How to report a Visor Position relative a false Wreck Position?

It must be recalled that at this time the false position of the wreck was still valid. This is probably the reason why the real position of the visor was not reported - no latitude/longitude.

It was much later - 9 December 1994 - when the Swedish Navy (sic) reported to the Commission the position of the visor or - actually - the position of a red buoy allegedly positioned above the visor (which was then already salvaged).

The visor position was about N59°22',97, E21°39',33 ± 100 meters and this is the position of the visor given in the Final Report (5). It was on about 70 meters depth. How (or if) it ended up, there nobody has explained 1.9. The German group of Expert 3.13 has later suggested (as shown above) that the visor was in fact found at or in the vicinity the wreck itself. It could very well have been that the visor, the 'big object', the steel plate, was actually filmed at the wreck - or attached to the wreck - on the 9 October - the damaged visor arm - see above. Why not? The 'big object' has disappeared from all available video films taken 9-10 October.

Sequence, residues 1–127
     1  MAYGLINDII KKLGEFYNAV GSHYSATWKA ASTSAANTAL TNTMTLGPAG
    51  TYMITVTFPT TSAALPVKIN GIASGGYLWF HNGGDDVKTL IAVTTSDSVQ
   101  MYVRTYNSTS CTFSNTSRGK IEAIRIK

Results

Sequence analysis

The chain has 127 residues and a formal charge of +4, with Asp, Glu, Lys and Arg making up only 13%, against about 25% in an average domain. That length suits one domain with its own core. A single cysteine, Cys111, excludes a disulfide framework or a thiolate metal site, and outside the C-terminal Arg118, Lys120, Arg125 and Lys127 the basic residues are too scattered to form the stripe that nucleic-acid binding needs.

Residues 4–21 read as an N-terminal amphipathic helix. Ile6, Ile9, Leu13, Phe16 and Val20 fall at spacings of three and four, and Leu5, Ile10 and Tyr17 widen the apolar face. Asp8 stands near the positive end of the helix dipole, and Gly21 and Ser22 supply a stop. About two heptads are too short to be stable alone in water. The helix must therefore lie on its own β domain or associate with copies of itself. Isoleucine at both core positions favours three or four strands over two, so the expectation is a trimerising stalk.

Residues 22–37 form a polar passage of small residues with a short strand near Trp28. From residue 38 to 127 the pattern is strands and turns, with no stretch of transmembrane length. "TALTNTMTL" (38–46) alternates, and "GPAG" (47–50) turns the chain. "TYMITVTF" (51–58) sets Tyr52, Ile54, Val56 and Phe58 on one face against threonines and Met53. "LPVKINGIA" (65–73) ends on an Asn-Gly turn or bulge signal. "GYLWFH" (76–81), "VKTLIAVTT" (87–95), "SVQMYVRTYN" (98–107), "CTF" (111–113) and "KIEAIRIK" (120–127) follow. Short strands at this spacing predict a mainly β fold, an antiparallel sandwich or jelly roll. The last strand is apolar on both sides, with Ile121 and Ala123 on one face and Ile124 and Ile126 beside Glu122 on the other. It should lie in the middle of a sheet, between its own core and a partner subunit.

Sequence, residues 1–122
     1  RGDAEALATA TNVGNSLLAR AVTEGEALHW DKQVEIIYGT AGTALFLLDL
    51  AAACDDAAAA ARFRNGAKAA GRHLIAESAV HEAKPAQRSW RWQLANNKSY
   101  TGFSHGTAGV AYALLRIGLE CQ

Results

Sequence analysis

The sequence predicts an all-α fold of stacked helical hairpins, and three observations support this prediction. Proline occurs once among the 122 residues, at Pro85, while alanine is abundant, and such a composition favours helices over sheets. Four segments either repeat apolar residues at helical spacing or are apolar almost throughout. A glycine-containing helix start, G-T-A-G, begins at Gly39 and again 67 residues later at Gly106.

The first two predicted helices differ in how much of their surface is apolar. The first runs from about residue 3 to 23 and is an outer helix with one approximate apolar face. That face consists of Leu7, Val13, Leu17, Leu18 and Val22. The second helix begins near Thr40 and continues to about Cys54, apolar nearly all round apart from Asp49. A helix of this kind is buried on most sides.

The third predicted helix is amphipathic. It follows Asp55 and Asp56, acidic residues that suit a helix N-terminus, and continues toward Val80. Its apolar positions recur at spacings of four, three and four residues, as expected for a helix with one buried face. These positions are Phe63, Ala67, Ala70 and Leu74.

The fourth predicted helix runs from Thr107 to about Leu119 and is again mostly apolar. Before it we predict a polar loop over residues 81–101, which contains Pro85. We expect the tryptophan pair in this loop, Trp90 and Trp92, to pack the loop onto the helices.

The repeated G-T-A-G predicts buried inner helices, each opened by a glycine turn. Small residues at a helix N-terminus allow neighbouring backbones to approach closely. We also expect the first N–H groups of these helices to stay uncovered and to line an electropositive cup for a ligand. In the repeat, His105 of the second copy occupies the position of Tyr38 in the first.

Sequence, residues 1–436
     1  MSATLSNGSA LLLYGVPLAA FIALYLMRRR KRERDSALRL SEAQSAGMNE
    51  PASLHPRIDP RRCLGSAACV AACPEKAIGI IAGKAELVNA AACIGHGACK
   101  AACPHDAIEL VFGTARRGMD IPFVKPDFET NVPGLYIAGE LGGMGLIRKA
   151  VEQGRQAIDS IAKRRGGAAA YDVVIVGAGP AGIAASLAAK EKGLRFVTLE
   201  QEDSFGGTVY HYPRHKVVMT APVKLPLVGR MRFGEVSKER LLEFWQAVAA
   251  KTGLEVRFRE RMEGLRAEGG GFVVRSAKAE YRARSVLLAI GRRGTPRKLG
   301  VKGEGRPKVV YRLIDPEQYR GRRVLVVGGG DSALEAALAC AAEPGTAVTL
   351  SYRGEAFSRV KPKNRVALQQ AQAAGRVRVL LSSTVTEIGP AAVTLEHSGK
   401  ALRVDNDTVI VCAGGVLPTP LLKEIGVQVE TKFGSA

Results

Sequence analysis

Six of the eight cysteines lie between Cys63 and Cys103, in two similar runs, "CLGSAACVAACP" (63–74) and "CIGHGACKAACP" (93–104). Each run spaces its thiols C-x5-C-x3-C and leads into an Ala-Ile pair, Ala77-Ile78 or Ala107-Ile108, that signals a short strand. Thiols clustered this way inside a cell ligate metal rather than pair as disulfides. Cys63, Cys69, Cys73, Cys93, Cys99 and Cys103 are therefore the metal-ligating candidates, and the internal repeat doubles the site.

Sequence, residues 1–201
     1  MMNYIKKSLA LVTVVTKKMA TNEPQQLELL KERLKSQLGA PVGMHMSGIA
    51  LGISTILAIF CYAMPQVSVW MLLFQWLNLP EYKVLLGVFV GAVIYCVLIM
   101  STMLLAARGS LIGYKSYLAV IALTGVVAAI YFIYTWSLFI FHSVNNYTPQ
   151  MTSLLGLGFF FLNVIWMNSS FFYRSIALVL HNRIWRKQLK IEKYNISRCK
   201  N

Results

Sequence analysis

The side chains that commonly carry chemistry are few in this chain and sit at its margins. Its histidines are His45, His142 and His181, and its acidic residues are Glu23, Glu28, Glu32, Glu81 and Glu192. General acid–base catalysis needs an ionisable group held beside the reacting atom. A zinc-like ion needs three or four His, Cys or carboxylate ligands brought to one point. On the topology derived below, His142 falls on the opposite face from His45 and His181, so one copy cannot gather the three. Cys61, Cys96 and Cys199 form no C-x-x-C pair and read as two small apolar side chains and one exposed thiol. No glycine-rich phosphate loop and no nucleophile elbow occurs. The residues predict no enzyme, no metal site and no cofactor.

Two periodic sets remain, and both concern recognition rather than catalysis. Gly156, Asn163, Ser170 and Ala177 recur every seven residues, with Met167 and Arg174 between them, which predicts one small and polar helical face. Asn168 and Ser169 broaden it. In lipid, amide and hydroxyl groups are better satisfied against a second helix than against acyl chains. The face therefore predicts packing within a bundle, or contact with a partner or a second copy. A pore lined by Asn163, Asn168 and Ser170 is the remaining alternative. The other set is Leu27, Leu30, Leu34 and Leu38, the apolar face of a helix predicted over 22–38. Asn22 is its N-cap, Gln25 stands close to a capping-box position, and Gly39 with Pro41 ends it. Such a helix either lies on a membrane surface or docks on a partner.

It is certain that a blue buoy was anchored at the false wreck position, while the red buoy was initially anchored at the wreck! The 'Tursas' thus went to the red buoy (the wreck) and filmed the visor below the bow of the wreck. The red buoy was later moved.

The blue and the red Buoys

The below figure 1.14.3 shows a 'sonar picture' of the wreck and its surroundings reportedly made the summer 1996 by the Swedish NMA or its subcontractors. However - we do not know when the barimetric depth curves were recorded. Something looking like the visor is seen at the bow (Note that South is up on the picture)

Fig 1.14.3 - A picture of the 'Estonia' on the sea floor - unknown date

To clarify the various alleged - false - positions of wreck and visor as reported by the Commission they are repeated here.